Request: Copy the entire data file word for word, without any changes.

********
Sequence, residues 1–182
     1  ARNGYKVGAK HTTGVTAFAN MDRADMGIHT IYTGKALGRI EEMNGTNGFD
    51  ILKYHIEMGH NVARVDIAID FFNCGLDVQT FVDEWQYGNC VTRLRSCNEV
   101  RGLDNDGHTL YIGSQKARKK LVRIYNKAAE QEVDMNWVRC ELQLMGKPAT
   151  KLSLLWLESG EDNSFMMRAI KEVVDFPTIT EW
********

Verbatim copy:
Sequence, residues 1–182
     1  ARNGYKVGAK HTTGVTAFAN MDRADMGIHT IYTGKALGRI EEMNGTNGFD
    51  ILKYHIEMGH NVARVDIAID FFNCGLDVQT FVDEWQYGNC VTRLRSCNEV
   101  RGLDNDGHTL YIGSQKARKK LVRIYNKAAE QEVDMNWVRC ELQLMGKPAT
   151  KLSLLWLESG EDNSFMMRAI KEVVDFPTIT EW